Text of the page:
Wednesday, April 26, 2017

18 Wolfgang Schaeuble
Federal Minister of Finance - Germany

Wolfgang Schaeuble has been Federal Minister of Finance of Germany since October 2009. As such he occupies a pivotal position in discussions over the resolution of the Eurozone's fiscal difficulties, and Germany's role in underpinning the restoration of fiscal stability to the EU. The Autumn of 2010 will see him in a pivotal position regarding the shaping of the EU's banking and financial services regulation, as well as its fiscal strategies. His positioning in the inaugural 'FCI 500', some 13 places ahead of the UK's Chancellor is a measure of his weight ahead of the EU Council of Ministers' final determination of key decisions regarding the future shape of EU financial services regulation in the banking, securities, pensions and insurance spheres.

Watch out for a final decision on the location of the new EU regulatory body for banking. Ironically, if it goes to London (current HQ of the CEBS secretariat), observers will read it as a victory for Eurocentric regulation of the 'systemically important' (Euro regulatory-speak for the larger, i.e. UK, French, Italian and Spanish) Eurosystem banks. If it goes to Frankfurt it will be a victory for the Brits - if it goes to the outsider - Paris Europlace - it might be a draw.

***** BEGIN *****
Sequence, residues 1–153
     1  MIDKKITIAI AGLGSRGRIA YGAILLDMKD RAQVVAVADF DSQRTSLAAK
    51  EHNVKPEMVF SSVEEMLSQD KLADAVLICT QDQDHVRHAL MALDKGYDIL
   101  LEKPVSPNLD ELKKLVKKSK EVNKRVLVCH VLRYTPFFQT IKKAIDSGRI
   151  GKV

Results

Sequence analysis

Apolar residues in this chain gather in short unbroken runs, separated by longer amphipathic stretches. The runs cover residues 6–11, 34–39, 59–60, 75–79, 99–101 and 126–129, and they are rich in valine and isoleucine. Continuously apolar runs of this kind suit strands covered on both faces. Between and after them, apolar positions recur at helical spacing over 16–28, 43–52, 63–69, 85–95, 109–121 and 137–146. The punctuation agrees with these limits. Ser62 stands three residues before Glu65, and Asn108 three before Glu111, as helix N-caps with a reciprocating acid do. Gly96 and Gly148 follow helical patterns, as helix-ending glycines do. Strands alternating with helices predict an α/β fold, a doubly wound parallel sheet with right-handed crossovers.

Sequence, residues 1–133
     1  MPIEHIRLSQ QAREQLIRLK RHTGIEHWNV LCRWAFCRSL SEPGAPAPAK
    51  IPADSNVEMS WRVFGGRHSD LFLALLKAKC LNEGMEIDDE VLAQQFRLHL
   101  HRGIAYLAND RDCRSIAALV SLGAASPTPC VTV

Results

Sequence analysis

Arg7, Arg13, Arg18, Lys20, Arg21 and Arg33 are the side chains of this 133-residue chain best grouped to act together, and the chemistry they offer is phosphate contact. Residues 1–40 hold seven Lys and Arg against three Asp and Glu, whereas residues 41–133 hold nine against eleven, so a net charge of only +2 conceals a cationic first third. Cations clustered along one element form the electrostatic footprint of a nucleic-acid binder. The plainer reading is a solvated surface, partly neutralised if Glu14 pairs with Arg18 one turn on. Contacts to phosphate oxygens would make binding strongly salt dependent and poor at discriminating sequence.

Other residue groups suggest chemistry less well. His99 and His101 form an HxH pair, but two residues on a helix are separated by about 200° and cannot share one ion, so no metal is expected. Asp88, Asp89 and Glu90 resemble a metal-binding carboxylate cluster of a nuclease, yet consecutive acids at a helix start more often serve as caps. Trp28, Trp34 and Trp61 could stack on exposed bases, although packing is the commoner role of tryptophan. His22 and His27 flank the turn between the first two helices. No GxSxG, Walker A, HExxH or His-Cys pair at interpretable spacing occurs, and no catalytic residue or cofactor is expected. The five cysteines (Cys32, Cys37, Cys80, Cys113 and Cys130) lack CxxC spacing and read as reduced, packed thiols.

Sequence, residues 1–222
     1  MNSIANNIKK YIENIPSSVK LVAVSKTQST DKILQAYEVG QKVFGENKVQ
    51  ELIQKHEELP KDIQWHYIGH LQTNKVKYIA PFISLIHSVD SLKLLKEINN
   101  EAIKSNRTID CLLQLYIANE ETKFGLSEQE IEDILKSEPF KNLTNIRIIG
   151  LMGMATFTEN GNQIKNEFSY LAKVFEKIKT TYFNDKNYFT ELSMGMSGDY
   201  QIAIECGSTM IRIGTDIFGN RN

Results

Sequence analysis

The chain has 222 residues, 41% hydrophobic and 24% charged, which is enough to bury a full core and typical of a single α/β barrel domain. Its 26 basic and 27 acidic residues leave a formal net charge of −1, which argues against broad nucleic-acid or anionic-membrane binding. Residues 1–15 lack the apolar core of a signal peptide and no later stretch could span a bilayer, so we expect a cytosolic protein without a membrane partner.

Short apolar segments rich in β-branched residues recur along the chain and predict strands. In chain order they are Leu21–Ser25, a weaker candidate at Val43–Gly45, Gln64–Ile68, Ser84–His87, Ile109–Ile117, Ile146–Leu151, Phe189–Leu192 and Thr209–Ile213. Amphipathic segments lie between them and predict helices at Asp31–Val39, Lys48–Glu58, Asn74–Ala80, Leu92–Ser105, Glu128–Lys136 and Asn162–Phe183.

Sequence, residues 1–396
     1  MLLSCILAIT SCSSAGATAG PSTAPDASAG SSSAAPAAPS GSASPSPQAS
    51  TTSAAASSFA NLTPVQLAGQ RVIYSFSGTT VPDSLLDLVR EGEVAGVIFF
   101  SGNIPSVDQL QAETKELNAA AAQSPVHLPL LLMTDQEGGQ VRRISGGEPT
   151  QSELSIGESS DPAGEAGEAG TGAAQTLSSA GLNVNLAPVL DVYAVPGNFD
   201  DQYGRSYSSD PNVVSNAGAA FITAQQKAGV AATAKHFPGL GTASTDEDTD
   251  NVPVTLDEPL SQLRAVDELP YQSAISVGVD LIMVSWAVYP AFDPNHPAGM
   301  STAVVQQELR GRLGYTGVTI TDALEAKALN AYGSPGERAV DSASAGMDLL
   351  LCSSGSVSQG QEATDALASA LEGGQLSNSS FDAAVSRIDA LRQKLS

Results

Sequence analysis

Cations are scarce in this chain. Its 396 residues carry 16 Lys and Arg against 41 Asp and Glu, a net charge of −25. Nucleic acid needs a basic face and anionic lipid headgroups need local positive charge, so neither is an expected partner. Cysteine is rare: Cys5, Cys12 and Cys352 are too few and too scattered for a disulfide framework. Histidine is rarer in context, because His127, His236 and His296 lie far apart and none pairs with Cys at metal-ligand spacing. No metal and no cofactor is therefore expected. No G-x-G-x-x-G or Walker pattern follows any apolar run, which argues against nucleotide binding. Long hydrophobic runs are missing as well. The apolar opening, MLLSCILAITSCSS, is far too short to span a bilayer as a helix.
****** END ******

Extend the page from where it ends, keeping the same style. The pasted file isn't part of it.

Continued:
He has been a member of the German Parliament since 1972. He studied law end economics and holds a doctorate in jurisprudence. Born on 18 September 1942, he is a member of the Christian Democratic Union (CDU), in Angela Merkel's second Cabinet. From 1984 to 1991 he was a member of Helmut Kohl’s Cabinet, first as Chief of the Chancellery and then as Federal Minister of the Interior. An outspoken politician on libertarian issues, he suffered an assassination attempt in 1990, confining him to a wheelchair.

During the summer of 2010 he engaged in interesting, but unreported discussions with Anshu Jain, the head of investment banking at Deutsche Bank in London, on the banking recovery and the role of the euromarkets and European monetary policy in fostering the return to normality in the credit markets.